As you can see by our cover photo, the intrepid Yucatán Today team came across a very special traveler in Progreso the other day! In case you are not so fortunate, don’t worry. There are many wonderful Christmas traditions you can enjoy here in Yucatán.
Christmas festivities begin on December 16 with posadas, nine consecutive days of candlelight processions and lively parties. Throughout Mexico, young people gather in the afternoons to reenact the holy family’s quest for a place to sleep in Bethlehem.
Shepherds’ plays are staged throughout the holiday season by both amateur and professional groups, and at schools throughout the region. The light, humor-filled Pastorelas tell of the shepherds’ adoration of the Christ Child.
Holiday festivities on Christmas Eve include a traditional family Christmas supper which may feature a simple fare of homemade tamales or a more exotic feast of bacalao a la vizcaina (Biscayan cod), roast turkey, ham, or suckling pig. Afterwards, families head to church for Midnight Mass. The evening is rounded out with the opening of gifts and, for the children, piñatas and sparklers. December 25th is set aside as a day to rest and enjoy that universal holiday bonus — leftovers.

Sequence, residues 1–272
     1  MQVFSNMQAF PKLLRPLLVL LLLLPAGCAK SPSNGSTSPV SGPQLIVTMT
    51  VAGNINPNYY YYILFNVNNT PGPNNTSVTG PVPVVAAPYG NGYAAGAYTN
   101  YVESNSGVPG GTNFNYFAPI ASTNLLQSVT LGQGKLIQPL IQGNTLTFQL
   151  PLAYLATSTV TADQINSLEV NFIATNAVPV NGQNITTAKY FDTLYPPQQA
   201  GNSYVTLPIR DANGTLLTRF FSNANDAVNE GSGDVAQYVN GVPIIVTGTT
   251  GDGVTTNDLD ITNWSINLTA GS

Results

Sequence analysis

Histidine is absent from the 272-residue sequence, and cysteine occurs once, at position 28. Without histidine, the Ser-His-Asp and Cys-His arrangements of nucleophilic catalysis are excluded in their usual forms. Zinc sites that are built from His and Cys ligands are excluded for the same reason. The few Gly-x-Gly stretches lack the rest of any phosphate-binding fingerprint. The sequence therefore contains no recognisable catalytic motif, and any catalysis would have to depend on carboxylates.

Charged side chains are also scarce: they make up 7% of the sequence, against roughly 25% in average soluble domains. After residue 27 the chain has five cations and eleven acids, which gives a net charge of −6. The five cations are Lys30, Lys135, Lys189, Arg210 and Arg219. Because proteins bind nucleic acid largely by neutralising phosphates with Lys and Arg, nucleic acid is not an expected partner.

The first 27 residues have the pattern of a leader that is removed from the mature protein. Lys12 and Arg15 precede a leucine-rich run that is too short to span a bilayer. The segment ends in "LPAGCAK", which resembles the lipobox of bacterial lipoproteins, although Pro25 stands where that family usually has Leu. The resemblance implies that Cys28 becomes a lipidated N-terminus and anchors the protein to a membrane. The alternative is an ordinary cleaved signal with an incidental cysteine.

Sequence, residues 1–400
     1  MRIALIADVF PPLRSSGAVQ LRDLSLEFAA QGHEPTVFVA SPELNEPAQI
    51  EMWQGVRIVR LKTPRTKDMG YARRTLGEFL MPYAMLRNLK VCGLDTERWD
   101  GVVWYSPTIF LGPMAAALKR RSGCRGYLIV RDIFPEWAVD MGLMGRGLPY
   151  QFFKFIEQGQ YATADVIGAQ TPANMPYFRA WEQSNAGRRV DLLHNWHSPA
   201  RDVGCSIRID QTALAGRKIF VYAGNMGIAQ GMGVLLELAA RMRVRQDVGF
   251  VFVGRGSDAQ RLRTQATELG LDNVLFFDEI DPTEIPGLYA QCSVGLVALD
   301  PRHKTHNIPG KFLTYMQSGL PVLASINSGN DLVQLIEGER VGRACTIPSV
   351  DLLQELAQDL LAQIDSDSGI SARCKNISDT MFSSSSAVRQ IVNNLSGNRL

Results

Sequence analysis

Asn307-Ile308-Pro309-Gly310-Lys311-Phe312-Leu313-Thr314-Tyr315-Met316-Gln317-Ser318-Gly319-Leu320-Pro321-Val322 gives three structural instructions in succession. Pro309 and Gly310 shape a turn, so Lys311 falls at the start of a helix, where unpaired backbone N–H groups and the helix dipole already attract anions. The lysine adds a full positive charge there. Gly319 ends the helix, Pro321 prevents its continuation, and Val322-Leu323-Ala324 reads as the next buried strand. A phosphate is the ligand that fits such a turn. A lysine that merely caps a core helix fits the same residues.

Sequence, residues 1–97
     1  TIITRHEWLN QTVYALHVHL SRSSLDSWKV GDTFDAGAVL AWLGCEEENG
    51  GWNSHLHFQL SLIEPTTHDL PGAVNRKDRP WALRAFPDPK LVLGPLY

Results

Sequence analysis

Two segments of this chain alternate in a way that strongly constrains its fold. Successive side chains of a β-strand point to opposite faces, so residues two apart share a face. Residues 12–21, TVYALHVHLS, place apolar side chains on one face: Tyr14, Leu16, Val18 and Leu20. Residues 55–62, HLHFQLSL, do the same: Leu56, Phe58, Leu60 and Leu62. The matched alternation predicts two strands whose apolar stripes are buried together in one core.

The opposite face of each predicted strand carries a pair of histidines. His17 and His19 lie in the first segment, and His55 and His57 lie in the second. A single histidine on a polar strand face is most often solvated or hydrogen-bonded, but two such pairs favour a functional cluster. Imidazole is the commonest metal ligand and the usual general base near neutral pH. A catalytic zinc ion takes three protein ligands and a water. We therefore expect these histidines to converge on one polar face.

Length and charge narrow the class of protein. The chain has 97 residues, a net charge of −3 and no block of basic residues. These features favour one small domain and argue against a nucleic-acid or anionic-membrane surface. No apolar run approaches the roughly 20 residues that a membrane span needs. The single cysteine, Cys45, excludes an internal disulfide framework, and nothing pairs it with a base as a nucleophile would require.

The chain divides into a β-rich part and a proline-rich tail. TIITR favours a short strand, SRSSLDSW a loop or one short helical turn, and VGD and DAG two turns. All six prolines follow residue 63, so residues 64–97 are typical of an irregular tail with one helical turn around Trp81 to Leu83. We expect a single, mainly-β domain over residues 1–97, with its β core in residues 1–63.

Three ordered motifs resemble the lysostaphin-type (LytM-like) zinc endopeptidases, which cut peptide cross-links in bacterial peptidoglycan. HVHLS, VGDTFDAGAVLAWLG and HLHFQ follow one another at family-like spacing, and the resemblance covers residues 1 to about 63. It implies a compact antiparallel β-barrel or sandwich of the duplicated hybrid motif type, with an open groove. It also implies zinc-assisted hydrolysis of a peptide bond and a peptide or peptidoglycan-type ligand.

While both artificial and real Christmas trees are popular here, in most Mexican homes the principal holiday decoration is el nacimiento (nativity scene). The focal point is a “stable” where clay or plaster figurines of the Holy Family are sheltered. The scene may be further populated by an angel, the Magi, an ox, shepherds and their flocks, and assorted other people and livestock. The scene will not be completed until late on Christmas Eve or early Christmas morning, when the newborn Baby Jesus is finally laid in the manger bed.
December 28, Day of the Holy Innocents, is a religious commemoration of King Herod’s ordering of the slaughter of all male infants in his kingdom, intended to include the Christ Child. In Mexico it is celebrated as a day akin to April Fool’s Day, an occasion for jokes and pranks.
On December 31, the new year is welcomed in much the same way as in other parts of the world. In Mérida, the family usually spends the evening together until midnight. After a family midnight dinner, the young people get together and celebrate with friends.
Los Reyes Magos
The Christmas season continues until January 6 (Epiphany), which is called Día de Los Reyes (Three Kings Day). Echoing the arrival in Bethlehem of Wise Men bearing gifts for the baby Jesus, children throughout Mexico anxiously await waking up January 6 to find toys and gifts left by the Three Kings. A special treat served on this day is the Rosca de Reyes, a round, crown-shaped sweet bread decorated with jewel-like candied fruits.
From all of us at Yucatán Today, including the man in the red suit, we wish you a very happy holiday!
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